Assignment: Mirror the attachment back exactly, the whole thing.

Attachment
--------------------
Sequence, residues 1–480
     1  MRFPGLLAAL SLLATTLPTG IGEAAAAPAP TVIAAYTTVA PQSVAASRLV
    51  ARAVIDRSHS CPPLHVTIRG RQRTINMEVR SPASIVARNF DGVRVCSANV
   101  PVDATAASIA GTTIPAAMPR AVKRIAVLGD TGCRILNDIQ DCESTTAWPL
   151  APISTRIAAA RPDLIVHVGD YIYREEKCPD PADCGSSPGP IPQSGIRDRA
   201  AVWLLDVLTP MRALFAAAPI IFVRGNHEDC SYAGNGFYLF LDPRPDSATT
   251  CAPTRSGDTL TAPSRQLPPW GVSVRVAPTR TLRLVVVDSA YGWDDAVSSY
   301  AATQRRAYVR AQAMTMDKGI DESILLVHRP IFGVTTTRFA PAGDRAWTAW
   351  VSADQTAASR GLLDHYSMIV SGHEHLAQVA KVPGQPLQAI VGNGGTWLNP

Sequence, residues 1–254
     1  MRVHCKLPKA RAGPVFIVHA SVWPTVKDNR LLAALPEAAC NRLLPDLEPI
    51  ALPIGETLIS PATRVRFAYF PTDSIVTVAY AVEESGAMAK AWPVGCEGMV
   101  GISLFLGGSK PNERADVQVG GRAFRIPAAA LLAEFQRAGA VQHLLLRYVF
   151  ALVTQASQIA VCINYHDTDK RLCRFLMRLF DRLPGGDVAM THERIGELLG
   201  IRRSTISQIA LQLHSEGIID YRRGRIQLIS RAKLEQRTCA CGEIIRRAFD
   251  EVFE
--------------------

Sequence, residues 1–480
     1  MRFPGLLAAL SLLATTLPTG IGEAAAAPAP TVIAAYTTVA PQSVAASRLV
    51  ARAVIDRSHS CPPLHVTIRG RQRTINMEVR SPASIVARNF DGVRVCSANV
   101  PVDATAASIA GTTIPAAMPR AVKRIAVLGD TGCRILNDIQ DCESTTAWPL
   151  APISTRIAAA RPDLIVHVGD YIYREEKCPD PADCGSSPGP IPQSGIRDRA
   201  AVWLLDVLTP MRALFAAAPI IFVRGNHEDC SYAGNGFYLF LDPRPDSATT
   251  CAPTRSGDTL TAPSRQLPPW GVSVRVAPTR TLRLVVVDSA YGWDDAVSSY
   301  AATQRRAYVR AQAMTMDKGI DESILLVHRP IFGVTTTRFA PAGDRAWTAW
   351  VSADQTAASR GLLDHYSMIV SGHEHLAQVA KVPGQPLQAI VGNGGTWLNP

Sequence, residues 1–254
     1  MRVHCKLPKA RAGPVFIVHA SVWPTVKDNR LLAALPEAAC NRLLPDLEPI
    51  ALPIGETLIS PATRVRFAYF PTDSIVTVAY AVEESGAMAK AWPVGCEGMV
   101  GISLFLGGSK PNERADVQVG GRAFRIPAAA LLAEFQRAGA VQHLLLRYVF
   151  ALVTQASQIA VCINYHDTDK RLCRFLMRLF DRLPGGDVAM THERIGELLG
   201  IRRSTISQIA LQLHSEGIID YRRGRIQLIS RAKLEQRTCA CGEIIRRAFD
   251  EVFE